John is a research scientist who has been focused on the study of coral health and disease. His work has looked at the physiological impacts of disease on affected corals and how the loss is impacting the ecology and biology of coral reef ecosystems. John has been continuously searching for both global and localized drivers of coral diseases in order to promote a healthy coral ecosystem in the face of global stressors such as climate change. His expertise led to his inclusion in the Sundance award-winning 2017 Netflix documentary, Chasing Coral. John has recently developed innovate techniques to create three-dimensional maps of coral reefs to accurately measure how natural and human-induced disturbances impact ecosystem function. John’s research has been presented at scientific conferences around the globe and he has authored nearly a dozen publications in international peer-reviewed journals.

Toni Carrell

Vice President
Ships of Exploration and Discovery Research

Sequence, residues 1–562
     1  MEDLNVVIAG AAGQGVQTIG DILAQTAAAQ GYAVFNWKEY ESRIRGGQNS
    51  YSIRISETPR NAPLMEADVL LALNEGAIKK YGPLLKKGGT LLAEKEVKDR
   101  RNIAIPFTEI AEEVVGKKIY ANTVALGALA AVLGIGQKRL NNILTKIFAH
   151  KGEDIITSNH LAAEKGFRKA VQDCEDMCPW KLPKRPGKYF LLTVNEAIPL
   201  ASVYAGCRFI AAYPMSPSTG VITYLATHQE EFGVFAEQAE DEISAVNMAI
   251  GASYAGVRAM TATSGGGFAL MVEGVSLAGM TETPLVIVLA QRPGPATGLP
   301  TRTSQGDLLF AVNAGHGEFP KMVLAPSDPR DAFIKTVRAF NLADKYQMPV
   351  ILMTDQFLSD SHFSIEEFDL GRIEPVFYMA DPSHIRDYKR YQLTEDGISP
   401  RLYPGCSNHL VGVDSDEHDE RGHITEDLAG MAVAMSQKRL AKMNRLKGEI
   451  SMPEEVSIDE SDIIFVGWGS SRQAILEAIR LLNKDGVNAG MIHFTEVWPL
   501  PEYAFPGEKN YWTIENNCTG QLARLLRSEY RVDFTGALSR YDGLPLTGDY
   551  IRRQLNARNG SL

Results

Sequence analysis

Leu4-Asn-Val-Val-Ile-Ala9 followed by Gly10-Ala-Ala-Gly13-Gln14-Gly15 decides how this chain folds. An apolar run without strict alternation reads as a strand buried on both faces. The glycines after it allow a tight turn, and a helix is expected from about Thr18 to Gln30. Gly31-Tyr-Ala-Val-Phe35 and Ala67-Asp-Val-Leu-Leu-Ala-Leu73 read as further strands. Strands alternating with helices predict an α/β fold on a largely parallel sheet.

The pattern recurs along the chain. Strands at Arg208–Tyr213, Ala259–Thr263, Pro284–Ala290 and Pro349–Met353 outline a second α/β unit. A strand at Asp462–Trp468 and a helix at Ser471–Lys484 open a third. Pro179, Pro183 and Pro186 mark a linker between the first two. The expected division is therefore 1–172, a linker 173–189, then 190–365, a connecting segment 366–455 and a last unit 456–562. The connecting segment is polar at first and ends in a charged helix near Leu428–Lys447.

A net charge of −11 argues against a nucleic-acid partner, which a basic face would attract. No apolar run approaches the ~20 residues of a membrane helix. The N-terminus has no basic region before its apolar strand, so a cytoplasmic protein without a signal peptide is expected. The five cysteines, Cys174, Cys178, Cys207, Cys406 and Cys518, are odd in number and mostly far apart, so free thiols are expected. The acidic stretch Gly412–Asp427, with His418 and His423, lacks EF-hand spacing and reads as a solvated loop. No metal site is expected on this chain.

Toni Carrell is Vice President of Ships of Exploration and Discovery Research. Dr. Carrell received her B.A. in Anthropology from the University of California Santa Cruz and her Ph.D. in Maritime History from University of St. Andrews, Scotland. Before joining Ships of Discovery, Carrell was part of the National Park Service’s Submerged Cultural Resources Unit. Toni has worked in the U.S., Caribbean, and the Pacific region on sites ranging from early man to WWII. She is the author and editor of Submerged Cultural Resources Assessment of Micronesia (1991), and the Maritime History and Archaeology of the Commonwealth of the Northern Mariana Islands (2009). With Dr. Jennifer McKinnon, she returned to the Mariana Islands in 2009 to expand her early research into WWII. This project is also a return to early work in Palau while with the National Park Service. Toni’s research interests include ship design and construction, cultural resources management, historical and maritime archeology, and conflict archaeology.